Summer Nights

Sooner or later most walkers want to go further than a simple day walk will take them. Some opt for the long distance path, usually carefully planned so there are ample accommodation choices at the end of each day; but others seek the solitude of a night or two in the mountains, and there’s no better time to give this a go than in the middle of summer, when the weather’s usually at its kindest.

But backpacking is a kit-intensive business, and not everybody is going to want to empty the full contents of their bank accounts on the lightest and toughest hi-tech kit. Fortunately, they don’t need to, as there’s plenty of top-notch kit around that won’t break the bank.
Here’s a few suggestions that will help your customers choose what’s right for them.
At first glance this is the heaviest bit of kit carried, although on anything longer than a one night trip, it’s actually usually beaten to this honour by food.
Top-end tents are now incredibly light but they aren’t necessarily designed with comfort in mind and are often very delicate and probably won’t survive a good hammering weekend after weekend. For regular, typical UK high mountain use, it’s probably a better bet to pitch (pun intended!) a notch down and get a tent that’ll last a while and won’t need treating with kid gloves.
The biggest single factor to consider when buying a tent is the weather it’s likely to be subjected to. If it’s mainly for UK summer use, then there’s no need to go for an expedition-proved model and a good three-season tent will probably do the job no matter how high you’re planning on sleeping.
The next big question is size and obviously the bigger the tent, the heavier and the more expensive it will be. It’s about intended use really. If the camper is always on his own, then a one-man shelter or very small two man tent will do the job and, as he’s got to carry it all himself, he’ll appreciate the weight saving over a larger model (one man tents like the Terra Nova Laser or the Vango Helium weigh in at less than 1kg).
But if it’s going to house two people, the whole thing eases a bit. Now the weight can be shared making it less of an issue, but space is going to be at a premium instead. How much of an issue this is depends on the individuals concerned: a couple might not mind literally pressing against each other all night, whereas typical walking mates might prefer a bit more personal space – especially if the trip runs over a few nights.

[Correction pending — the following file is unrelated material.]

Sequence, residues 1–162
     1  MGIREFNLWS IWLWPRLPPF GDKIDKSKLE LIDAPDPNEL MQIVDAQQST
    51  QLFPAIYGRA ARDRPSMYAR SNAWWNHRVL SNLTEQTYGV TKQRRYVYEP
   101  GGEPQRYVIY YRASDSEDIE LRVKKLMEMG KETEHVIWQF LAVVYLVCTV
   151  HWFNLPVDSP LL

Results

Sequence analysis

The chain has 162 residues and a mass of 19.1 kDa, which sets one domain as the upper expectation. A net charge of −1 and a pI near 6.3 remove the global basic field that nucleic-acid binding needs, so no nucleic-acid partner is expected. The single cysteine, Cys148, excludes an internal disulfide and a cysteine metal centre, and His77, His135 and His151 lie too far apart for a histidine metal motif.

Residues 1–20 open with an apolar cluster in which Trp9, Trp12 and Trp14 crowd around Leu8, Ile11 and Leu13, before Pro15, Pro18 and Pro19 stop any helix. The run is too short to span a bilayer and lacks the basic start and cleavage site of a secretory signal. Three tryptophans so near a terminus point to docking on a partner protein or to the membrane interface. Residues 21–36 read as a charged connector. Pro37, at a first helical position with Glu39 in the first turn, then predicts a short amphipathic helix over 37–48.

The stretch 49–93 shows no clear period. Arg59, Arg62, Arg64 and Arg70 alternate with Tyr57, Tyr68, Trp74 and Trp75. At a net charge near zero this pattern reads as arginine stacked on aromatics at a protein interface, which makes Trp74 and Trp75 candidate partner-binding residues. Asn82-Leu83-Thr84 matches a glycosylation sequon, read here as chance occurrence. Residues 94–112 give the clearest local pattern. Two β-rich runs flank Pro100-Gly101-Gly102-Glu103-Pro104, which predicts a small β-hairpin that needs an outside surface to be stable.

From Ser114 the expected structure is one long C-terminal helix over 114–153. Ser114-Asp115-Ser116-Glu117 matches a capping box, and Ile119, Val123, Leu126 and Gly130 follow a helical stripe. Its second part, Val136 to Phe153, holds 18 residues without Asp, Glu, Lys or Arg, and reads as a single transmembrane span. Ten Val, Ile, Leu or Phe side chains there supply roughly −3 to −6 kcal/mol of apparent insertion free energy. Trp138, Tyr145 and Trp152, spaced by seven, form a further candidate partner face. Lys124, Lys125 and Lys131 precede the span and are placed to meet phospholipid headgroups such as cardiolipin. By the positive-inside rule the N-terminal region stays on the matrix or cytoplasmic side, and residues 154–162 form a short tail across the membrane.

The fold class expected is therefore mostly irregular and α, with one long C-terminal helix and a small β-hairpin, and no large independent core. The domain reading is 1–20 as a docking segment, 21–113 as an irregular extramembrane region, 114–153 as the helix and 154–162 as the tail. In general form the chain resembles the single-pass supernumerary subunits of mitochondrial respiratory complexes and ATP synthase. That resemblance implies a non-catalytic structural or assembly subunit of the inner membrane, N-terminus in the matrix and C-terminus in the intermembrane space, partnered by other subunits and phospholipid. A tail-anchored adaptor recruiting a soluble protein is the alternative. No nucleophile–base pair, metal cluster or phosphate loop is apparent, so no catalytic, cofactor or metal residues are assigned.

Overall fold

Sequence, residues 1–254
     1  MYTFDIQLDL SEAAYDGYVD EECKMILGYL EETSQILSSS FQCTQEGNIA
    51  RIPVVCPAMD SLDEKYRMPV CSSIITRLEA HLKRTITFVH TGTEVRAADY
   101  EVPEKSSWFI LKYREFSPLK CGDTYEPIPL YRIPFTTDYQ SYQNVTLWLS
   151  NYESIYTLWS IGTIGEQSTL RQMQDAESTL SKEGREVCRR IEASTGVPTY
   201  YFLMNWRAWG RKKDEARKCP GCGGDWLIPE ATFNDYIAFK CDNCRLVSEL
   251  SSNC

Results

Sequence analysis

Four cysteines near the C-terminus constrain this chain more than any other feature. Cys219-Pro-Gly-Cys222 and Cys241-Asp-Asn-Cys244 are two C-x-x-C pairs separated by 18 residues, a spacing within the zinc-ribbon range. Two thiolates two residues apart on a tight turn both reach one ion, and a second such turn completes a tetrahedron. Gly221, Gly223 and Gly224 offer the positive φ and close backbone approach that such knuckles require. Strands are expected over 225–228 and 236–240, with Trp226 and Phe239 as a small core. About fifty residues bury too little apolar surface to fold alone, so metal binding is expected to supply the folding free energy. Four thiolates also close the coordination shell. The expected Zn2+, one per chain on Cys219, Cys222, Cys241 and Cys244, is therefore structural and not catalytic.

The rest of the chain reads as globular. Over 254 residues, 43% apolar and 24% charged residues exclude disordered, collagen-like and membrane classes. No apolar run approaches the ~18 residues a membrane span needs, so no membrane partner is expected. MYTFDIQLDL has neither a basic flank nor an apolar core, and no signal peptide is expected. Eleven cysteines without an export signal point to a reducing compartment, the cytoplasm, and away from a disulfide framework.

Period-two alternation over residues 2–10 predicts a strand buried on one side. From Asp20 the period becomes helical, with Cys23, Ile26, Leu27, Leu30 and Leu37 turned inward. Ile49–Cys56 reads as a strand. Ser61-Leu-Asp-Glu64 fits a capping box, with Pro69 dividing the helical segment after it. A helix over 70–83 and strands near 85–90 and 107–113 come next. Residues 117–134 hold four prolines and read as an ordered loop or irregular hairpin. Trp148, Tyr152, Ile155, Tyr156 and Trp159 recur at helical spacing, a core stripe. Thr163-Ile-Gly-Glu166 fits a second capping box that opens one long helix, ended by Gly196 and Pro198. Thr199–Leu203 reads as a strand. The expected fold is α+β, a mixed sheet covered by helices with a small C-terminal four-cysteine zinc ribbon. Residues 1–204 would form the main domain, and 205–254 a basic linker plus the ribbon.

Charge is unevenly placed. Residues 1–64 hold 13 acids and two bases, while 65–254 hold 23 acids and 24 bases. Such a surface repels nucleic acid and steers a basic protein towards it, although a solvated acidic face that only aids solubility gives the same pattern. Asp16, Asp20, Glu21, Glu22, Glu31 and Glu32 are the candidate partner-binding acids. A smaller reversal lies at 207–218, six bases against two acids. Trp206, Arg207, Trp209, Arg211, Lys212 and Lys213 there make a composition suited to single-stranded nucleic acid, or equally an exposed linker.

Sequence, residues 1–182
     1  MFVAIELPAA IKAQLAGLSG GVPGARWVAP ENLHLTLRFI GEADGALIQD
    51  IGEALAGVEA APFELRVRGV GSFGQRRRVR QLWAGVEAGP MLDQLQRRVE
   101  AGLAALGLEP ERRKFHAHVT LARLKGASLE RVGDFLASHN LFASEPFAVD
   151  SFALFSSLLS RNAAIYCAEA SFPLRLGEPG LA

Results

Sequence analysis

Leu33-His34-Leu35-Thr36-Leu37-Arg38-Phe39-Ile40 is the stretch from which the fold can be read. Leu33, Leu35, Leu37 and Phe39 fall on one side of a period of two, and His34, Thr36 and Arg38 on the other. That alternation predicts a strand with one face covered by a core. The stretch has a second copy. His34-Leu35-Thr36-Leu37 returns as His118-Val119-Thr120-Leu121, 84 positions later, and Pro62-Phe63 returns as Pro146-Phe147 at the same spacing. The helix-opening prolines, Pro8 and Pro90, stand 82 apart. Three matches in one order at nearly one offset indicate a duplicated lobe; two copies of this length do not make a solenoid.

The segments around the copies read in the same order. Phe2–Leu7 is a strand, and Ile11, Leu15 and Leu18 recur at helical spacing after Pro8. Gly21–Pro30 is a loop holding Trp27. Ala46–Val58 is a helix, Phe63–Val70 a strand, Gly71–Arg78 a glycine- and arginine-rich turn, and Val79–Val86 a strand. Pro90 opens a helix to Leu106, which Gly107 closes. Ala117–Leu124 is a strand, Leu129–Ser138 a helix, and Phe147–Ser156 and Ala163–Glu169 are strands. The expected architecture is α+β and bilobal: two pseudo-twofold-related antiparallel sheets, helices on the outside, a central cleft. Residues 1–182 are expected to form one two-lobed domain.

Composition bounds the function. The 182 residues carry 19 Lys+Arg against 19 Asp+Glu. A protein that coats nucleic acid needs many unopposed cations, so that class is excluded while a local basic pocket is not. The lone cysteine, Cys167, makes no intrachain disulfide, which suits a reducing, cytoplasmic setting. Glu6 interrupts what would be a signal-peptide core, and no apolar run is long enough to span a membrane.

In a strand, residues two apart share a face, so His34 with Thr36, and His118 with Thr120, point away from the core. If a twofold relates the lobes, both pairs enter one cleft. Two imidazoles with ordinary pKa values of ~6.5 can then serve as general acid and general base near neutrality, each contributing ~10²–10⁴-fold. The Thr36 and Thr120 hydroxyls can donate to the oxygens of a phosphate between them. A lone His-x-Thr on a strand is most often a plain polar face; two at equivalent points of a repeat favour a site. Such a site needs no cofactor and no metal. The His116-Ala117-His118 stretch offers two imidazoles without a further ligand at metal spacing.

Small, cosy two-man tents usually come in at less than 2.5kg each (1.25kg per person), whereas a little more shoulder room will add around another 500g (250g per person) – what price a good night’s sleep?
Sleeping Bag
Next to tent (and food) this is going to be the bulkiest and heaviest item in the pack but again, weight and bulk savings can be made by buying the right bag for the right conditions. For UK summer camping, even high up, a three-season model is all most people will ever need, and hot sleepers will probably get away with a two-season or summer bag. Although lower comfort limits can be baffling, they do provide a guideline, and as it’s highly unlikely to freeze at any altitude on a British mountain in summer, it’s equally unlikely that anyone will need a sleeping bag with a lower comfort limit of less than around 0 degrees. Synthetic bags at around this range seldom cost more than £100 (usually a fair bit less), usually weigh in at around 1kg and pack down fairly small.
This is equally as important as a sleeping bag and any part of the body in contact with the tent floor for the night will quickly get cold, even in summer. Lightest and cheapest are foam mats, and they come with the added advantage of being tough enough to carry on the outside of the pack. But self-inflating mats are so much more comfortable. The smallest and lightest of these are expensive and need careful handling. For summer camping, shorter models will suffice and a waterproof or fleece can be used to keep feet warm.
This is one of those areas where lightweight isn’t necessarily expensive and in the UK, where gas cartridges are readily available, and the cold weather won’t play havoc with the way it burns, it’s hard to beat the weight/price/boiling time combination of a small lightweight gas burner. 
Titanium is tops here – light and long-lasting; but it’s expensive, really expensive, so most people will plump for stainless steel. Most parties will carry two pots but a good weight-saving tip is to try and get away with one. A bit of careful meal planning can save 300g plus at no extra cost!
A good three-piece (Knife/fork/spoon) combination weighs little and can cost less than a day’s parking in Ambleside! But even here weight can be saved, and depending upon menu, a single fork may be all that’s needed!
Careful juggling with pot, mug and bowl should enable most meals to be prepared and eaten with a single bowl rather than a plate and a bowl – another weight saving. Polythene is cheap and does the job but stainless looks nicer and is easier to keep clean. Insulated mugs are also inexpensive and can, of course, be used for everyday hillwalking and travel as well as camping.
The more space you have, the more you’ll carry, so a smaller pack is definitely best as long as it’s stable, comfortable and you can get everything in. A backpacker following the tips above, and using relatively lightweight waterproofs, should be able to go out for a day or two with less than 50L on his or her back, and perhaps, with careful packing, as little as 35L. Packs in this range should also be suitable for general mountain walking and climbing so will earn their keep quite quickly.